Thursday, March 22, 2007

U.S. Navy: What's going on with this woman?

False stories are also a part of war and politics. From the Navy Times, March 22, 2007.

The New York Times (and Magazine) hates the war, loves feminism, sees all women as "victims" of the brutish patriarchy.

"The March 19 Sunday New York Times Magazine cover story was a gripping account of the emotional problems some female veterans suffer as results of their war experiences, sexual assaults or both.

One of the women featured in the story was a former builder constructionman Amorita Randall, 27, who served six years as a Seabee. Randall told the Times that while in the Navy, she was raped twice — in 2002 while she was stationed in Mississippi, and again in Guam in 2004. She also told the Times that she served in Iraq in 2004, which the Times reported as fact but which it now appears was not the case.

It appears none of the above happened. However, and allegedly NY Times is planning a "correction". Did the NY Times "verify" the woman's account of service pre-publishment? No. Sayeth the NY Times Magazine:

The magazine did not call the Navy to check Randall’s Iraq story sooner, Marzorati said, because they believed that checking rank, years of service and time in Iraq “would be a perfunctory thing.”

Might the New York Times Magazine change its title to: The Mike Nifong News -- all the news which SHOULD have happened.

1 comment:

MataHarley said...

Dishonesty, lies and agenda in the media. One of my main blog topics here, girl... Notice how many "media rants" postings there are for me, and that's just those I can find in the archives!

More and more I am of the belief that "journalists" must have some sort of prequalifications to "practice", Alia. Sounds radical in some ways, but here's the basics... and I'm still mulling over the "hows".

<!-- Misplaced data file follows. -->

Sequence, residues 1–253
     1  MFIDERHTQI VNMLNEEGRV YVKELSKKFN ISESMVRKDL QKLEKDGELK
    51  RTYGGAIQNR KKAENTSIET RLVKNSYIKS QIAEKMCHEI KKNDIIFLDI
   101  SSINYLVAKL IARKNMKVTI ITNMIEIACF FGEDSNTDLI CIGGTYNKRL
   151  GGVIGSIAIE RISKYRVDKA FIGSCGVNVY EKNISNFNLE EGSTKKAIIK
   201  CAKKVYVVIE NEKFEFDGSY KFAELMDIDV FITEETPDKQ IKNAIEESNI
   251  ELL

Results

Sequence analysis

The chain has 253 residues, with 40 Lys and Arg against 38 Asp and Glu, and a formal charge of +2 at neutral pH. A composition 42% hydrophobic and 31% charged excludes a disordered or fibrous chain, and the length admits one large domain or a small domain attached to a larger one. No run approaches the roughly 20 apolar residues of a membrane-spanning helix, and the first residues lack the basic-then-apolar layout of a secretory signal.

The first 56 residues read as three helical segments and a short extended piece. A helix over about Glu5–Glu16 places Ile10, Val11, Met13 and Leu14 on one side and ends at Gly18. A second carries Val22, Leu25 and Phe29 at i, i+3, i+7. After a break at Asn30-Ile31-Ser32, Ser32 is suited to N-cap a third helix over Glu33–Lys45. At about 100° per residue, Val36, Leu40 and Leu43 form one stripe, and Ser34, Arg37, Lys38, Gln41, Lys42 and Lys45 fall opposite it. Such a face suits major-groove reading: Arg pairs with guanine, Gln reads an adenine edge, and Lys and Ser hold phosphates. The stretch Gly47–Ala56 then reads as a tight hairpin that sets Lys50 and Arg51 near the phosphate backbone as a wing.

1: Journalists enjoy a brand of legal immunities the rest of us do not have for actions such exposing national secrets. Even in the CIA identities protect act from the 80s. Consequently, they can print lies and trash (and do) sans research and confirmation, protect their sources (who may have lied), and suffer no consequences. It's frightening to see anyone who can call themselves "the press" rise above laws. And heaven knows, there's enough "leaking" of intel and military strategy nowadays that this is really dangerous stuff. Every military campaign in this war has been broadcast in detail to the enemy months in advance. How smart is that??

2. Major media have the power to influence and control public opinion with their reporting... and thereby elections and the direction of policy/polls/pols. The press is, in essence, the educator of voters.

Considering that we mandate education requirements from our teachers in public and private school systems, should we not also require some for journalists entrusted with this omnipotent power?

3: I also think that all journalists be required to disclose their personal opinions as a disclaimer with their news. As in debates, where you know from where each side originates, one can then assess their purported "news" accounts more accurately when you are aware of their personal views.

The point here is NO ONE is "objective and unbiased" unless they are completely in the dark about an issue. It's more likely that someone in the journalism field is far more opinionated than the rest of us by personal exposure.

I actually blog-ranted on this already. But I think it was a time you were buried under domestic stuff... LOL

Oddly enuf, it was about one year earlier that I also posted an article by ANSHEL PFEFFER if the Jerusalem Post that echoes much of the same. I guess I must have absorbed that logic without making the connection when I did the February "media rant".